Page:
The synthesis of research found that farmers surveyed in Kenya and Malawi believed that they must be extremely loyal to the extension agents. Because the extension agents are appointed to give agricultural advice and promote advanced farming technologies, the farmers rarely stray from their advice. As a result, many farmers have discontinued their indigenous farming methods, and have instead committed to using only the advanced technology recommended by the extension agents.
“One of the main considerations I believe is frequently overlooked when working with groups, including disseminating new technologies, is the role of context. I believe this is where indigenous knowledge is so important,” said Kevan Lamm, who applies his extensive experience working with cultures across the world in his academic work. “Culture tends to shape our views, opinions, perspectives, expectations and so forth in persistent and frequently transparent ways. When we neglect the cultural implications for efforts such as technical innovation trainings, we may be overlooking one of the most important conditions necessary for a successful outcome.”
By failing to incorporate indigenous knowledge, advice from extension agents can also be problematic because the agents are not always knowledgeable about the topography of the rural areas to which they are assigned. At times, an extension agent will unknowingly promote a wetland technology to a person that farms dry land. In return, the farmers are left with unsuccessful crops or livestock.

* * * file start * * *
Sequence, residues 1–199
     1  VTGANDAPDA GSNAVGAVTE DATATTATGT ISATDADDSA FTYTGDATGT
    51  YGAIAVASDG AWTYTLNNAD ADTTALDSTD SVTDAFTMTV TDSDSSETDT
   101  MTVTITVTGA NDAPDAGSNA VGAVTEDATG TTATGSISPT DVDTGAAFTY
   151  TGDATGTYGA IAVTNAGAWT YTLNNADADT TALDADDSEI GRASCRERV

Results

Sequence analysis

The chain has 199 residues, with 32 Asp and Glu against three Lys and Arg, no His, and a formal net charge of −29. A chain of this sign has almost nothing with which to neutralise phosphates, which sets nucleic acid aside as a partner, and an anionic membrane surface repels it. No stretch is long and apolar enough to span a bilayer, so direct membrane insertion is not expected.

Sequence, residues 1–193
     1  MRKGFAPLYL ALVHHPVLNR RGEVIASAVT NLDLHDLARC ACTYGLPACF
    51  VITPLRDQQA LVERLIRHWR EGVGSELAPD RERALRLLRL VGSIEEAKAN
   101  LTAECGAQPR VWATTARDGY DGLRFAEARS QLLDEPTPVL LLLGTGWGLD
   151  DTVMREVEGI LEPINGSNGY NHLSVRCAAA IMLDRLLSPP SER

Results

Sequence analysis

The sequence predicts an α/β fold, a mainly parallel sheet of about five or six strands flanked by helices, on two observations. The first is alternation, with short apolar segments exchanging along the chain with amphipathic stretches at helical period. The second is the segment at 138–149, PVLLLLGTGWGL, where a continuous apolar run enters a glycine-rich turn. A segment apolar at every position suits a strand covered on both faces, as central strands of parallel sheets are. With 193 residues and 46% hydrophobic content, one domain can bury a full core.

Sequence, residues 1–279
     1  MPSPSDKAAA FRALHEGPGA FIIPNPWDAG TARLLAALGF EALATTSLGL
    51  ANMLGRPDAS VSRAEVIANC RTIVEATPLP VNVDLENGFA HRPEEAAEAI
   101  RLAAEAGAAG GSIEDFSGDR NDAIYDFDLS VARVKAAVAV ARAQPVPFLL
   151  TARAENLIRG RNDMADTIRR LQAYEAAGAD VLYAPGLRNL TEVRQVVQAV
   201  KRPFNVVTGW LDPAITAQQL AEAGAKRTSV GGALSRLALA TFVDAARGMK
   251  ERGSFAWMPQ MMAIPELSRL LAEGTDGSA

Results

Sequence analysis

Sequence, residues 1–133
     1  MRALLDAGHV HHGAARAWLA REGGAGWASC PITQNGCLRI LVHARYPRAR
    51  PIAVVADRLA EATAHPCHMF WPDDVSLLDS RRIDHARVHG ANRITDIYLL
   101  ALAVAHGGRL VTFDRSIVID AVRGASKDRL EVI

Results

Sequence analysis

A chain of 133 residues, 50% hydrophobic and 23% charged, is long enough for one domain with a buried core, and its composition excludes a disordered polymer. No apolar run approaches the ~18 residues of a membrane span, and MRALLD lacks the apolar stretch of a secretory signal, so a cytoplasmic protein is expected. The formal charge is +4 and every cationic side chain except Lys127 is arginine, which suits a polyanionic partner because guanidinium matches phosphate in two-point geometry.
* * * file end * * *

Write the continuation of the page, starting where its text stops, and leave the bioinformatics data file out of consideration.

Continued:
“When you ask these farmers whether or not they use the improved technologies, they will tell you yes. But when you dig deeper and ask them questions, then you will understand that they take the extension agents as people who have come to serve them, so the farmers don’t want to disappoint them” by not following their advice, Masambuka-Kanchewa said.
The study also addresses the major impact climate change has had on farming in these sub-Saharan Africa countries, including the role extension agent relationships can play in mitigating the effects of climate change for these farmers.
“It is more about the issue of to what extent these extension agents empower these farmers to share their local knowledge. They do not feel empowered, they consider themselves as receivers of information rather than people who can share the information that they have,” said Masambuka-Kanchewa.